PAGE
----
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‘Always a top target’: Colorado Rapids draft pick Andre Shinyashiki pays dividends

Colorado Rapids forward Andre Shinyashiki (99) celebrates after his goal in extra time against the Portland Timbers at Dick's Sporting Goods Park. (Isaiah J. Downing/USA TODAY Sports)

COMMERCE CITY, Colo. — During the 2018 NCAA men’s soccer season, University of Denver striker Andre Shinyashiki was widely regarded as the top forward in collegiate soccer.

“All he needs is one second, one moment to change a game,” DU head coach Jaime Franks said back in November.

Four months later, Shinyashiki is still getting it done, this time as a professional. The Colorado Rapids’ first-round draft pick made an immediate impact in his MLS debut, scoring an equalizer at the death to salvage a point for the 10-men Rapids in a Colorado snowstorm Saturday.

“There’s nothing more a guy like me can dream of,” Shinyashiki told ProSoccerUSA. “Obviously, you want to try to win, but given the conditions that we were in, it was still a positive result.”

Rapids coach Anthony Hudson was likewise impressed by the goal, and the fact that his team salvaged a point despite the odds stacked against them.

“There’s not many places in the world where you’re going to play a game like that,” Hudson said. “We’ve definitely added quality and strong characters and that was the key.”

In a busy offseason, Colorado added proven veterans like Kei Kamara, Diego Rubio and Benny Feilhaber. But moving up in the draft to land Shinyashiki is another move that Hudson cited as key to his team’s transformation this season.

“He was always a top target,” Hudson explained. “Everyone had told me how good he was and then we watched him play at the combine and were really impressed. I’d seen enough at the combine. We saw his movement, his mentality and his touches. Then we met him there and saw that he was a brilliant character. For me, it was like a big signing. We wanted him in the first team this year.”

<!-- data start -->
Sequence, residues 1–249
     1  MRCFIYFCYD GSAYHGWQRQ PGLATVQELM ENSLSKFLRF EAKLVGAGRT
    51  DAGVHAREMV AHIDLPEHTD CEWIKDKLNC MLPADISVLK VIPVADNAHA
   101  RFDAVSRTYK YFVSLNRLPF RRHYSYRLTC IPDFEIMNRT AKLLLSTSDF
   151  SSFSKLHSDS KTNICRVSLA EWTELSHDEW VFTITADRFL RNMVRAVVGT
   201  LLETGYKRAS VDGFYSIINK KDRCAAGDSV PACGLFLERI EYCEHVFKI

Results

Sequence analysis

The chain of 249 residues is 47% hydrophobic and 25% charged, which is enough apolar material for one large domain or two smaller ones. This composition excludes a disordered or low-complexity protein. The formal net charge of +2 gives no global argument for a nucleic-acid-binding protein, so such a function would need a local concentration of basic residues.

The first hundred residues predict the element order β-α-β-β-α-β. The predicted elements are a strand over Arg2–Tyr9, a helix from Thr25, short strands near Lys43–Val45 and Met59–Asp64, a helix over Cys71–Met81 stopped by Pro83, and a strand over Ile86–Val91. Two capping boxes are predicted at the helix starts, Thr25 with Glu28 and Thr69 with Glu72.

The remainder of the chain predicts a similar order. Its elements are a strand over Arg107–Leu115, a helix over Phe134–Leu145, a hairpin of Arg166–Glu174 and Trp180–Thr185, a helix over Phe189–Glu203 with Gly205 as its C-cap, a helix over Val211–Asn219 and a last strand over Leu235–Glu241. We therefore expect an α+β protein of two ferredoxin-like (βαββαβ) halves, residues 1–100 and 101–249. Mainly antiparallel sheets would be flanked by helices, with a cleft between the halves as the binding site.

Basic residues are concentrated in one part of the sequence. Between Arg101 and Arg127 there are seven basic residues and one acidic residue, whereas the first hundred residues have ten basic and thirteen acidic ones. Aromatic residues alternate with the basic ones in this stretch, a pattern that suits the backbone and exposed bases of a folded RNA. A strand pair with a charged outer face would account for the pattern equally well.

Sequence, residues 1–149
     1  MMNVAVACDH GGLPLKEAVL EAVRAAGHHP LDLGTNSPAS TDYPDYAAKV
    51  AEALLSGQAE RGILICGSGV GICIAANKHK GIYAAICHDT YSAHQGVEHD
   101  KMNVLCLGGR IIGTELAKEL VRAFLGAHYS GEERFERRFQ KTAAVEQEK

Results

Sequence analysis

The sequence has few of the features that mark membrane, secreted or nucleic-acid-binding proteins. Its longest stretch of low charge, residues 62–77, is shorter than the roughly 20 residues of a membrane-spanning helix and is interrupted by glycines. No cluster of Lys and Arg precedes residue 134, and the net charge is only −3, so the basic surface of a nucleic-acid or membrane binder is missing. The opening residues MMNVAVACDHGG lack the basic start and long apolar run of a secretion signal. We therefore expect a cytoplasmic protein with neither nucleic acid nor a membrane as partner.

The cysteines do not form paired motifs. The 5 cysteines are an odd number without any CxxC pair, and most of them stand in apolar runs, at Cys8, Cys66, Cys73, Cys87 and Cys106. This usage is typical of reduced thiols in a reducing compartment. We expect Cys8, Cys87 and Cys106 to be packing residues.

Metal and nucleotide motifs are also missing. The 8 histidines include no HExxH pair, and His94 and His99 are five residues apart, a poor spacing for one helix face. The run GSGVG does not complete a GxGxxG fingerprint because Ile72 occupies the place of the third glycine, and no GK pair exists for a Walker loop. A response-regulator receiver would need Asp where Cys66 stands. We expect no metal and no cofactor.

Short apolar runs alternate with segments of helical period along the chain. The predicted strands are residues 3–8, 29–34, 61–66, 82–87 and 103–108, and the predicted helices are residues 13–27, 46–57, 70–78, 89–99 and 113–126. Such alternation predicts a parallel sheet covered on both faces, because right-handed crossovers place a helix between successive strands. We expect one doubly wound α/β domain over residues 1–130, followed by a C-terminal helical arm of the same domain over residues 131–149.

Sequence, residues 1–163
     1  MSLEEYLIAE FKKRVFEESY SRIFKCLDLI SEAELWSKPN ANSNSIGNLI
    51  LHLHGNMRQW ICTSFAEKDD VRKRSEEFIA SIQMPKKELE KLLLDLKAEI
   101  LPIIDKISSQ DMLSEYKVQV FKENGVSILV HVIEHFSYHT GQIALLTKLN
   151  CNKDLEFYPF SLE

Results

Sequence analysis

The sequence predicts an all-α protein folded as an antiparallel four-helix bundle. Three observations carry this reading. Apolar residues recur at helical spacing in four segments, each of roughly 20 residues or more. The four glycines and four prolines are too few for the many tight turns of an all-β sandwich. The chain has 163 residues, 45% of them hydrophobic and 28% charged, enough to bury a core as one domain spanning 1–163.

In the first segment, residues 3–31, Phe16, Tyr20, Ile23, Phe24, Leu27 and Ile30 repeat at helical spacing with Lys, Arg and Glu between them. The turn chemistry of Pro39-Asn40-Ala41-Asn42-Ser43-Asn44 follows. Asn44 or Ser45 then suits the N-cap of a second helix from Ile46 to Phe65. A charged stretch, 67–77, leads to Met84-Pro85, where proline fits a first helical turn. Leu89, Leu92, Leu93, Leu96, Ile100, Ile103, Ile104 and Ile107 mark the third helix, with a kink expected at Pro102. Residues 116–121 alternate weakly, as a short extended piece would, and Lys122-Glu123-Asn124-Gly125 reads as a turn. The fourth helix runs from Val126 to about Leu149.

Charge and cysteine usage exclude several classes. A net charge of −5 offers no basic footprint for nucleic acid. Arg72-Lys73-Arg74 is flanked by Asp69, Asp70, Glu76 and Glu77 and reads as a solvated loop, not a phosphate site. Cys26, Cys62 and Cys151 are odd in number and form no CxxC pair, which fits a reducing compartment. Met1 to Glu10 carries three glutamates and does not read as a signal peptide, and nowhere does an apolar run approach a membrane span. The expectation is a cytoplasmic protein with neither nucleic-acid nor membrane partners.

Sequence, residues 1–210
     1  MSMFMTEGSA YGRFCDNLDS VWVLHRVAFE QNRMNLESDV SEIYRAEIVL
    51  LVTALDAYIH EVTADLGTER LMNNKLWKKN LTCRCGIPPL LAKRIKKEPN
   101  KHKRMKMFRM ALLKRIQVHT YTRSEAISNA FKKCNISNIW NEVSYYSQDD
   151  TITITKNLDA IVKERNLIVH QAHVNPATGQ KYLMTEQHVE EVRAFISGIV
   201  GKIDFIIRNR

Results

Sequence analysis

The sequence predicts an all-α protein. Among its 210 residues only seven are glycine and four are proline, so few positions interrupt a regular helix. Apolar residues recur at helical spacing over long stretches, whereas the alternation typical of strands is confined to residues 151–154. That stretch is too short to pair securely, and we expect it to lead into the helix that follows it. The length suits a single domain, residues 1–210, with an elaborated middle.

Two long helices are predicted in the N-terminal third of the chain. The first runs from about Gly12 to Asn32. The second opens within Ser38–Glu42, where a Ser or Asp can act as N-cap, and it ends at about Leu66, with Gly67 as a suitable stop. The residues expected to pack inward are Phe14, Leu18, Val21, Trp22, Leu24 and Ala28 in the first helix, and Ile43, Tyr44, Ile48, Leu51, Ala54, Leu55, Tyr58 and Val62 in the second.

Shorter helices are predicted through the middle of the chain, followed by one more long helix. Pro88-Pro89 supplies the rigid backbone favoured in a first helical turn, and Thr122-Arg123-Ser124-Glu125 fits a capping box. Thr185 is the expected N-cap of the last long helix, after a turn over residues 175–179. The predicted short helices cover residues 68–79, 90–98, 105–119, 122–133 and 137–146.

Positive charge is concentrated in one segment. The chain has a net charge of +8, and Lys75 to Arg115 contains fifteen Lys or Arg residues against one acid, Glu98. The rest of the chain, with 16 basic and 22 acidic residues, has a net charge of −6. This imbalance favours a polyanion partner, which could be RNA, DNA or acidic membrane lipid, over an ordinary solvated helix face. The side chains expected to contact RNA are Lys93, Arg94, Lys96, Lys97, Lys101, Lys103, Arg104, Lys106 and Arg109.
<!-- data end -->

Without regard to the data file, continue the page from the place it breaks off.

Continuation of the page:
Despite previous experience playing for the Rapids U-23 side, the idea of being drafted was never a guarantee for Shinyashiki. Like any other draftee, the process involved a lot of anxiety and unknowns.

“I definitely knew of the interest, but it was still up in the air,” he remembers “I didn’t know they were going to trade to get me. There were rumors, but I didn’t know until they said my name. [Colorado] was a place I wanted to come to really badly, so I was happy when it happened.”

Born and raised in Brazil, soccer has always been a part of Shinyashiki’s life.

“I grew up in Brazil playing in the streets like a typical Brazilian does,” he said. “To say every boy in Brazil grows up wanting to be a professional soccer player is a very accurate statement. Very few make it so I’m just extremely blessed and thankful to be here.”

As a young man, his life still revolves around the game. At DU he studied marketing with the hopes of entering sports marketing after he hangs up his boots. In his spare time, he watches soccer and plays FIFA.

The idea of living and breathing the sport is something that Hudson is looking for in a young player.

“There are certain characteristics we want for our young players,” Hudson explained. “Technically, they’ve got to be good on the ball. Character is the big part. You want strong characters in terms of wanting to win. The game means everything to them. Open to criticism, wants to improve, bounces back from setbacks. All of those things.”

In Shinyashiki, he’s seen it first-hand.

“When you look at Andre on the training ground, he gets disappointed when he doesn’t win,” Hudson continued. “He’s not afraid of senior players. He’s not afraid to express himself on the pitch or stand his ground in some meetings. He’ll say something and ask a question, which is a good sign rather than someone who nods and agrees. That’s why we have a lot of trust in him.”

He’s gotten his professional goal out of the way, but the 22-year-old know that there’s still plenty of work ahead, not just for this season, but for his career. For now, he’s ready to absorb all the information he can, while putting his head down to do the work required to be successful in MLS.

“I just want to help the team as much as I can,” Shinyashiki said. “As a forward, you’re always looking to score goals and get assists, but it’s also about pressing hard and helping the guys behind me. To make the playoffs is our first goal and ultimately win everything. But it’s a day by day approach you have to have in order to accomplish those things.”




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